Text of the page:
Up to 11 British soldiers and officers are under investigation for alleged war crimes over the death of an Iraqi civilian in British custody, the UK Independent revealed May 29. Military lawyers are considering the charges as part of a major inquiry into allegations that members of the Queen’s Lancashire Regiment beat Baha Mousa, a hotel worker, to death in September 2003. The officers include the regiment’s commander, Col Jorge Mendonca, 41, who has been warned he could be tried for allegedly failing to control his troops effectively. Another eight Iraqis arrested with Mousa are preparing to sue the UK after claiming they were tortured by British troops. Another detainee, Khifah Taha, was also hospitalised and narrowly escaped death after suffering acute kidney failure allegedly as a result of a beating while in British custody.
Army prosecutors and the Attorney General, Lord Goldsmith, are under intense legal and political pressure to investigate properly Mousa’s death, after Britain’s High Court ruled last December the UK had broken the Human Rights Act by failing to prevent his death or prosecute his alleged assailants quickly.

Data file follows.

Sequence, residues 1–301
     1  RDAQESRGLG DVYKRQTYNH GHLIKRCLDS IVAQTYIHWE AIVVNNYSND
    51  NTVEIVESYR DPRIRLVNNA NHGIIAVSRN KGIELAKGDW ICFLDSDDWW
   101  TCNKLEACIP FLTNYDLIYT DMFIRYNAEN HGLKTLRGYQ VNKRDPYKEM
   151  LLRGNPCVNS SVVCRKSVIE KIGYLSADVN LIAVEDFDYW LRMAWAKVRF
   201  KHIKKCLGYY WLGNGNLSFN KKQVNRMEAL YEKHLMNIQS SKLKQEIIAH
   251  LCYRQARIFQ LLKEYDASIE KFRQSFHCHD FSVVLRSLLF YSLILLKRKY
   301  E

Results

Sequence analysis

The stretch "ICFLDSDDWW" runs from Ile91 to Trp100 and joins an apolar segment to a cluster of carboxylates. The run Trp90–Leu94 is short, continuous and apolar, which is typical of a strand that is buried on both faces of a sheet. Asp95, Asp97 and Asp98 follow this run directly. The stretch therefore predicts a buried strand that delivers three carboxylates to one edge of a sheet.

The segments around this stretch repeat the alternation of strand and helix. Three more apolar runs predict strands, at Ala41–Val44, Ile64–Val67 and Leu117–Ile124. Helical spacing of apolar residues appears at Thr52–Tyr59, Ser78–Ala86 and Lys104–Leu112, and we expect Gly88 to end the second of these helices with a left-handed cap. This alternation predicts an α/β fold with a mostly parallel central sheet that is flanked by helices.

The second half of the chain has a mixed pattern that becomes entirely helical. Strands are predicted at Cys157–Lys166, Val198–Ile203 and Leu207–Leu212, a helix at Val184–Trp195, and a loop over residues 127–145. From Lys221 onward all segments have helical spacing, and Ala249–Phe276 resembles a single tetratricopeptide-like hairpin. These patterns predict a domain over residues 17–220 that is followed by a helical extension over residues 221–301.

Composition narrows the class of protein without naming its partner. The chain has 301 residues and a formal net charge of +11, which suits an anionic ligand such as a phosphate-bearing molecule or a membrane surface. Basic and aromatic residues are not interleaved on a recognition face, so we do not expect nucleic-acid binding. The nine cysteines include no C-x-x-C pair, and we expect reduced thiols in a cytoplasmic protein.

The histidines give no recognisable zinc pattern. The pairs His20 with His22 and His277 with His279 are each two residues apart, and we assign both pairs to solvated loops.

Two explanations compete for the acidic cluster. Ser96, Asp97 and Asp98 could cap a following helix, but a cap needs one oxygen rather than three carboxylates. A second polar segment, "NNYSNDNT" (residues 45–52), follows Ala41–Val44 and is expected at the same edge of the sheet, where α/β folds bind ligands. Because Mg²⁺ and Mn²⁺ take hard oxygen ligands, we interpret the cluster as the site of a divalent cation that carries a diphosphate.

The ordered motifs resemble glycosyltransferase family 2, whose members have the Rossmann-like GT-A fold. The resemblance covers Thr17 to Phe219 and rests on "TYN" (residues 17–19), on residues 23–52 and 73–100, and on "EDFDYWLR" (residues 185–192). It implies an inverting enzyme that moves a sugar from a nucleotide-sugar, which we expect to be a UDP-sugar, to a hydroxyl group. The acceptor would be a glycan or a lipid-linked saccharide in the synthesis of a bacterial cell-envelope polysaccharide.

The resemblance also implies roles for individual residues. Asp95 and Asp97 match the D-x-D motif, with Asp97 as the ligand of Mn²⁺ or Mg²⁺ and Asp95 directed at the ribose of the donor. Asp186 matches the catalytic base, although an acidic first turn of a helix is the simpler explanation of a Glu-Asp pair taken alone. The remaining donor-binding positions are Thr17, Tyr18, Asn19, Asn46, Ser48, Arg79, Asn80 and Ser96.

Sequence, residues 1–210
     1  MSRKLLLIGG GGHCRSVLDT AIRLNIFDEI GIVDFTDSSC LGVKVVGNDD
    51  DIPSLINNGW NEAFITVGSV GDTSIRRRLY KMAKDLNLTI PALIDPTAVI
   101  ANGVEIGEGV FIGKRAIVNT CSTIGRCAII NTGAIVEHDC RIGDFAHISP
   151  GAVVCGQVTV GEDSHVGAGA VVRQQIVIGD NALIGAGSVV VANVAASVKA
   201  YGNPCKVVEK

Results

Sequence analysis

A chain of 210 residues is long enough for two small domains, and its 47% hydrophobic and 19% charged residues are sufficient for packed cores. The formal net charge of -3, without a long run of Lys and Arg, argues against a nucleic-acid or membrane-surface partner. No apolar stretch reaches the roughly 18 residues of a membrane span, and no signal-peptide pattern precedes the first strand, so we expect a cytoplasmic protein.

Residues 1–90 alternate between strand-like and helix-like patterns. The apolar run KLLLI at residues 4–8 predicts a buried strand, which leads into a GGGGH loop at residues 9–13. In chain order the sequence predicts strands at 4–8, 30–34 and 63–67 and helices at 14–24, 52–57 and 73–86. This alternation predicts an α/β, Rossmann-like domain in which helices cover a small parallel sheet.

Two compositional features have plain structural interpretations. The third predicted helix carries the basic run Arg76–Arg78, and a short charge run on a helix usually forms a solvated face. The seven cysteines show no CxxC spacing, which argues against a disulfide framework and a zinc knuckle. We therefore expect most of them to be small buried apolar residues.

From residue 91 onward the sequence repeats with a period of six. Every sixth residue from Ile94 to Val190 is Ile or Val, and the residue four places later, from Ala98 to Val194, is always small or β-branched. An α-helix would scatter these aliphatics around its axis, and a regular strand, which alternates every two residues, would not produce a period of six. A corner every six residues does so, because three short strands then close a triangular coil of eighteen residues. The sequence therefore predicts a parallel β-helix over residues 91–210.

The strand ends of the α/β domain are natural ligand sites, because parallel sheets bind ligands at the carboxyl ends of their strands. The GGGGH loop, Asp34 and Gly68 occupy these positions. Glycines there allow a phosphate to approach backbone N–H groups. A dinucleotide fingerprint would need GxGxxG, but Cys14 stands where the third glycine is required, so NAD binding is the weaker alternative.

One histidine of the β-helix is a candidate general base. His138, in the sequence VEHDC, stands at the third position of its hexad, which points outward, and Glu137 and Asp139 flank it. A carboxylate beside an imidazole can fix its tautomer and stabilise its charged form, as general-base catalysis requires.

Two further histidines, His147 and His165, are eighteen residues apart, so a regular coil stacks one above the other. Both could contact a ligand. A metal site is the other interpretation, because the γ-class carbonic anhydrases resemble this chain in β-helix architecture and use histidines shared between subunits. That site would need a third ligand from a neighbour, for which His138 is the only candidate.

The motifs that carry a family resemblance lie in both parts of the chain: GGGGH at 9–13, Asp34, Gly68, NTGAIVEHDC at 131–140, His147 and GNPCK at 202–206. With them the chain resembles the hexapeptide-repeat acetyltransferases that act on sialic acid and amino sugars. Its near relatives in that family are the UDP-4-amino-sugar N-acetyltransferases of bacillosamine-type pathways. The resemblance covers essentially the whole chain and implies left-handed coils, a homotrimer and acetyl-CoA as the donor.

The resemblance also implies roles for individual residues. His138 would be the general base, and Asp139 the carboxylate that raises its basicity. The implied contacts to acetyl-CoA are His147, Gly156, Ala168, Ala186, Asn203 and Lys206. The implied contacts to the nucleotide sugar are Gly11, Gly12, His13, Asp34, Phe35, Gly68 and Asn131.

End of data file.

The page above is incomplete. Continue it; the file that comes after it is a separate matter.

The UK is also facing a formal investigation by the International Criminal Court at The Hague over allegations that the UK broke international law in Iraq by using cluster bombs in urban areas and by attacking power stations. The ICC is additionally studying war crimes claims based on the Mousa case and the deaths of other Iraqi civilians.
Meanwhile, AP reported May 27 that US Army Staff Sgt. Shane Werst was acquitted of murder in the death of an unarmed Iraqi he said he shot to save a fellow soldier. A jury of four soldiers and two officers at Ft. Hood, TX, deliberated for less than three hours before finding him not guilty. He had faced a maximum of life in prison without parole. Prosecutors said the killing of Naser Ismail, a suspected insurgent confronted in a house raid, was in retaliation for an Army captain’s death earlier that day. Werst said he only shot Ismail because he was lunging for an unsuspecting soldier’s weapon–but admitted he had doctored the evidence by putting Ismail’s fingerprints on the gun. “It was wrong. I have no idea why I did that,” Werst said.
The US, of course, refuses to recognize the International Criminal Court, and has even passed legislation that permits military action to “liberate” any US citizen held by the court, causing wags at Human Rights Watch to dub it the “Hague Invasion Act.”
See our last post on the ongoing controversy over war crimes and torture in Iraq, Afganistan and US military detainment centers.